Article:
Merle Krueger, associate director of Brown's Center for Language Studies, has long wanted to offer a course at Brown in an African language. He saw an opportunity this semester through a Fulbright program that brings foreign students to teach their native languages.
In the fall the Center welcomed three such teachers, each of whom is enrolled as a visiting graduate student. Khairieh Abbas, a native of Jordan, is teaching Arabic. Ariadna Lugo, of Mexico, who before Hurricane Katrina had planned to teach at Dillard University in New Orleans, is offering Spanish. And David Kyeu, of Kenya, is teaching two noncredit sections of beginning Swahili. As far as Krueger can tell, Kyeu is the first to teach an African language at Brown.
Krueger was stunned to receive more than 100 inquiries about the Swahili course, and was able to fill each section with about twenty students. "I was going to be very happy," he admitted as he introduced Kyeu to the students, "if we had eight or nine [students]." While most in the class are undergraduates, some are members of the faculty or staff.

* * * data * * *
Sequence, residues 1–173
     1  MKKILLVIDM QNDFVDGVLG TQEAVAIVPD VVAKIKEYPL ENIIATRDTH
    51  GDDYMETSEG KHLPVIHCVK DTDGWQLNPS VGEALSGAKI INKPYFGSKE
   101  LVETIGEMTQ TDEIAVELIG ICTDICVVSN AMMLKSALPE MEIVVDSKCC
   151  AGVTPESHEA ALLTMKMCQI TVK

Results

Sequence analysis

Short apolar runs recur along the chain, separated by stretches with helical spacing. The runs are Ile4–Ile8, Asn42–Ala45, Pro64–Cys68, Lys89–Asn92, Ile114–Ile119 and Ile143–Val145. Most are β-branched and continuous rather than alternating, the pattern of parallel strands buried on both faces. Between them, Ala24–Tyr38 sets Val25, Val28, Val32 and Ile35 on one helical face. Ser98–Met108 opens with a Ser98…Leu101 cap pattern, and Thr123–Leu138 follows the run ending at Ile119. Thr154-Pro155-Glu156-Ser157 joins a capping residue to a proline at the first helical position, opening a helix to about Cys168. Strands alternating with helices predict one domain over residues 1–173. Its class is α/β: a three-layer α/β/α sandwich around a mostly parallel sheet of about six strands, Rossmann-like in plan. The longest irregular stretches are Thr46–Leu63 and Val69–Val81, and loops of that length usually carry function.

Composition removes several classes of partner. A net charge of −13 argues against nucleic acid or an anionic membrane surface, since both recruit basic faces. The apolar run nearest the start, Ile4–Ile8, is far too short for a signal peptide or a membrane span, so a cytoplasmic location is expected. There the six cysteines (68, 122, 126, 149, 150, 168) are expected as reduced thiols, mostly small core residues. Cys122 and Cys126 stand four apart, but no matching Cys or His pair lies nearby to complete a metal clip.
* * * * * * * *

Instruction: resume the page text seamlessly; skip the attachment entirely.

On the first day, the class learned that the language is actually Kiswahili. Swahili, Kyeu explained, refers to the people who speak the language and to the region in Africa where it originated.
By the end of the hour students had learned that the Swahili people don't like words to end with consonants. Therefore, Kyeu said, if your last name is Cooke the Swahili will call you kuku. And expect them to laugh, Kyeu said, because the word also means chicken.